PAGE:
02 September 2007

Greetings from the land of han(d) and cock

Well, I'm on "vacation," spending a few days with some friends in Minnesota who used to be my friends in Madison and then my friends in Milwaukee. They've bought a house here, so I think this time they plan to stay for a while. I confess that I made a small but crucial error when I bought my tickets for the Empire Builder: I have the usual asshole Chicagoan notion that the world ends at the Twin Cities and doesn't start again until you get to the west coast, so I never bothered to check their exact location on Google Maps, and when they asked me when I was going to fly there so I could visit them, I said well why fly when I can take the train? So I bought my round-trip tix to and from Minneapolis-St. Paul without giving it a second thought, then only a few days ago learned that Hancock is actually a good three hours away, much closer to another couple of stations farther down the line. No matter, they said, it's a pain in the ass either way, so don't worry about it.

The train ride was interesting--dare I say enjoyable? I had stayed up all night to pack/guarantee that I would not oversleep and thus planned to nap on the train. Hahahahahahaha! Don't I always get stuck in the car with all the shrieking kids? So I gave up at Wisconsin Dells and just hung out in the lounge car for a few hours with all the railroad enthusiasts three times my age listening to the radios they had tuned to the channel used by the dispatcher. And thus I learned that the Empire Builder travels through the only operational railroad tunnel in the state of Wisconsin, which I found dark and unexciting but did manage to snap a picture of on my return trip:

I learned all sorts of other interesting factoids as we raced through the land of the Elroy-Sparta State Trail, for some distance right next to it. And now you know the real reason why I wanted to take the train. I must have been staring at it with an obvious look of longing on my face because one of the gentlemen asked if I bicycled. Why yes, yes I do. No, I've never ridden on that trail but I've always wanted to. It was then that I noticed he was wearing a jersey for some bike club in Wisconsin. But I inadvertantly gave a really huge yawn (did I mention I'd pulled an all-nighter?), so he gathered that I wasn't interested in chatting with him. It didn't occur to me to apologize for any rudeness, ass-tired as I was. I feel bad about it.

The Mississippi River crossing was uneventful. What I saw of Minneapolis-St. Paul was gorgeous. Many, many bridges. Still intact.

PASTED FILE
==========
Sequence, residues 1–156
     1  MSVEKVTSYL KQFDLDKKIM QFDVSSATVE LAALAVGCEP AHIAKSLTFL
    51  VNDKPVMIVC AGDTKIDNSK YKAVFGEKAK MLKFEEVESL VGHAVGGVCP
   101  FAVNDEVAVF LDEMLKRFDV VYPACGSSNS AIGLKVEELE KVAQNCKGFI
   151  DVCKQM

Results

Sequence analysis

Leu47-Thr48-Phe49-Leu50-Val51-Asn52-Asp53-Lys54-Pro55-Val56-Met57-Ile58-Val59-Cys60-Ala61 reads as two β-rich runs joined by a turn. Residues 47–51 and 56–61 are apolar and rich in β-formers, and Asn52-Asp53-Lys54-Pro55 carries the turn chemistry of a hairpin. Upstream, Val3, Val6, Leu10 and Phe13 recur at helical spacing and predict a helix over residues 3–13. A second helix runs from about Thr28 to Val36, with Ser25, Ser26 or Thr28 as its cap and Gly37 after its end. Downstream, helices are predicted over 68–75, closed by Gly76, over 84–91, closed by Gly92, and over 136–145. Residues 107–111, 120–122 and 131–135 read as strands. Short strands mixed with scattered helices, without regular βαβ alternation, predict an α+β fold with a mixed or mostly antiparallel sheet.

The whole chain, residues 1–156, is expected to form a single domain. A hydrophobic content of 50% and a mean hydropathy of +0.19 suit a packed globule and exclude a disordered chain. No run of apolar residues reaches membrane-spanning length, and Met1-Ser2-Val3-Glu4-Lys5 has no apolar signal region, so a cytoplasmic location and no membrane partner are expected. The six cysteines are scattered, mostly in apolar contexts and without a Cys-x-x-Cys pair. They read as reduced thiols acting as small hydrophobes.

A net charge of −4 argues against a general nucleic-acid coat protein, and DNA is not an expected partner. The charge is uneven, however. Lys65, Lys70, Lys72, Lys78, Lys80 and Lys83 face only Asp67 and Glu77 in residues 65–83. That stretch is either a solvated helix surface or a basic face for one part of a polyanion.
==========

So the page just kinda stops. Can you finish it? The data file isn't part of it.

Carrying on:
It's beautiful country here in rural western Minnesota. The unrelenting wind of the Great Plains sweeps across the rolling hills of corn and sometimes soybeans, keeping the skies a perfect shade of late-summer blue. It's easy to imagine what the prairie might have looked like long ago; indeed you see the word "prairie" everywhere in the curiously enlightened town of Morris (see Pharyngula) about 20 minutes away by my friends' newish and extremely fuel-efficient VW. It's easy for an Illinoisan like me to chalk that up to Morris being a "college town" (see University of Minnesota Morris), but the truth, as explained to me, is that in an area dominated by agriculture the people are more immediately aware of the need not to treat the environment like shit. So there's a windmill on the campus and all the farmers grow organic produce for the local market because hey, all those chemicals are expensive anyway. If you're not on a factory farm somewhere in southern California selling stuff to superdupermarkets all across the country, there's really no point in spending all that money.

My friend grew up on a farm near Mendota (see Sweet Corn Festival), so he has firsthand knowledge of these things (and I'd trust him over some bleeding-heart city slicker who's never milked a cow--guilty!--any day). He finds my newfound interest in corn rather amusing. But as I said earlier, I hardly ever see any. I'm the fascinated outside observer of this strange and completely different world here in the rest of the midwest.

There are bike route signs everywhere, which is most heartening. Minnesota is a happily enlightened state with regard to bicycling, as evidenced by their Share the Road campaign. (See Bike Safely to Work Week.) So naturally I'm really missing my bike this weekend, and my friends don't have a spare one that I could borrow. [Insert frowny face here.] And in a town of 700 people in the middle of nowhere it's a little difficult to find one. I really need to get a folding bike, don't I.

In other news, this. Oh, what a night. Conspiracy theory, anyone?

Happy Labor Day.

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